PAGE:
The first weeks of navigation, ships and helicopters have carried out intense surveillance activity in the Mediterranean, in support of NATO Operation Sea Guardianto combat transnational terrorism, and have also carried out bilateral activities with the Armed Forces of Greece and Turkey.

Since leaving Spain, the AB-212 helicopters have carried out live missions, day and night, on surface whites. Spanish attack aircraft have also carried out joint surveillance activities in airspace with the Eurofigther of the Air and Space Army, deployed in , an example of how aircraft carriers can contribute to deterrence by reinforcing security in the sky. from the eastern border of the Alliance.

The rear admiral acknowledges that it is logical for Russia to sail and fly through the Baltic, where it has two naval bases, but points out that after years of coexistence in such a small space “no incident has ever occurred that has not been resolved safely.” and professional”. Nor since the Russian invasion of Ukraine, nor in the Baltic nor in the Mediterranean.

Four aircraft carriers acting in unison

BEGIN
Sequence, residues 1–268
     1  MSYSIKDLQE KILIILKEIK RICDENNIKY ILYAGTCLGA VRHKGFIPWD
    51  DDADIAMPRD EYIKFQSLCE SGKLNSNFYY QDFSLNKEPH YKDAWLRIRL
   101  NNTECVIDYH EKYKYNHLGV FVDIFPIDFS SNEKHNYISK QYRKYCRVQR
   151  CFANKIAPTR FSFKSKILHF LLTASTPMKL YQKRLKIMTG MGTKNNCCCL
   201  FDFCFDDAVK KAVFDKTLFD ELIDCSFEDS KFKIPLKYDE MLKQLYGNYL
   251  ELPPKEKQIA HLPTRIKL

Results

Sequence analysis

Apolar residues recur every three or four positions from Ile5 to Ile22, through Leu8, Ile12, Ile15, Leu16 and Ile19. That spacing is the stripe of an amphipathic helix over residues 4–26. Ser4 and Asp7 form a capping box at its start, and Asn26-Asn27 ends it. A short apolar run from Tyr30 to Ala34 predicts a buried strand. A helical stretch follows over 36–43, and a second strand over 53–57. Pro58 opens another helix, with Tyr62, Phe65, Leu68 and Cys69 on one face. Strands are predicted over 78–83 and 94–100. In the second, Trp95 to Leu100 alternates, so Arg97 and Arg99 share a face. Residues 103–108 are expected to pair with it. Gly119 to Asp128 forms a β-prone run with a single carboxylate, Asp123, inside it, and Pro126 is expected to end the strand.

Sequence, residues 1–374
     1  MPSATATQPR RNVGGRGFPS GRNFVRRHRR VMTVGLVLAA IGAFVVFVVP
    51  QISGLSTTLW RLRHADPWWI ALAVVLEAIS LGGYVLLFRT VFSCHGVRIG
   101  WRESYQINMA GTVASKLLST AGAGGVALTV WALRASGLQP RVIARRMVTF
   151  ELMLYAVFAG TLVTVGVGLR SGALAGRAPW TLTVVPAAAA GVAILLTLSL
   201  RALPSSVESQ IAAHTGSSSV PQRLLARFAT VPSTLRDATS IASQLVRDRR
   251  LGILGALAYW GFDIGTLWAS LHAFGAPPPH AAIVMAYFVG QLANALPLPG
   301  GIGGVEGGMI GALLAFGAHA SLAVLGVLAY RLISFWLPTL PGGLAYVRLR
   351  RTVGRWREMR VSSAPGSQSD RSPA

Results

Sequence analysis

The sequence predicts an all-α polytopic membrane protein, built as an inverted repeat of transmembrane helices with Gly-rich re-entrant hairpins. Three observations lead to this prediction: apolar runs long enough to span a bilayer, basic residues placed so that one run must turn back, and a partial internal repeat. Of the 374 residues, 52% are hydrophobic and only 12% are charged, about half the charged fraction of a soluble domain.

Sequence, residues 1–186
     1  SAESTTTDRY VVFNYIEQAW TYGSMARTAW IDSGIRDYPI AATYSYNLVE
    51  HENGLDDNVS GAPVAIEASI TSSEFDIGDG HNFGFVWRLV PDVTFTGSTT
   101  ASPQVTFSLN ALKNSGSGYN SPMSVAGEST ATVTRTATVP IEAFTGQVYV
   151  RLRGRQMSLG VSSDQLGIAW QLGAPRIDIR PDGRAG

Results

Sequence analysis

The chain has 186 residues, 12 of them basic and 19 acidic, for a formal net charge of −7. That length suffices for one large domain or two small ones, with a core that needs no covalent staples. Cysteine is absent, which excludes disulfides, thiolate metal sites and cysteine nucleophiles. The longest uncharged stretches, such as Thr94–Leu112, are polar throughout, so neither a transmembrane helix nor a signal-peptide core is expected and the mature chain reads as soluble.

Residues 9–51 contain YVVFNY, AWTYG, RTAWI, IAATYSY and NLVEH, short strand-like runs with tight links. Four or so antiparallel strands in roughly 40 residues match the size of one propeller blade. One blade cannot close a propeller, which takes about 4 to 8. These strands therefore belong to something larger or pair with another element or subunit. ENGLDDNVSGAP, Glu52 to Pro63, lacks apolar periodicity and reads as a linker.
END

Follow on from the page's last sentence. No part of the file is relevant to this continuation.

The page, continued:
Soon the Group will participate in the activities of Neptune Strike reinforced surveillance under NATO command, an exercise that began on April 26 and will continue until May 10.

The French aircraft carrier Charles de Gaulle and the Italian Cavour will sail alongside the Juan Carlos I, as well as the Anadolu, the Turkish twin of the Spanish ship.


The rear admiral explains the idea of ​​deterrence like this: “NATO with Neptune Strike puts four aircraft carriers at sea acting in unison as if it were a single force and, furthermore, demonstrating that it has a very large radius of action.”

In fact, The Harriers have carried out missions in which they have flown around 1,900 miles (3,000 kilometers). “I think that message is very powerful for Russia and when deciding to attack someone it is an important element that must be taken into account and that avoids conflict,” she emphasizes.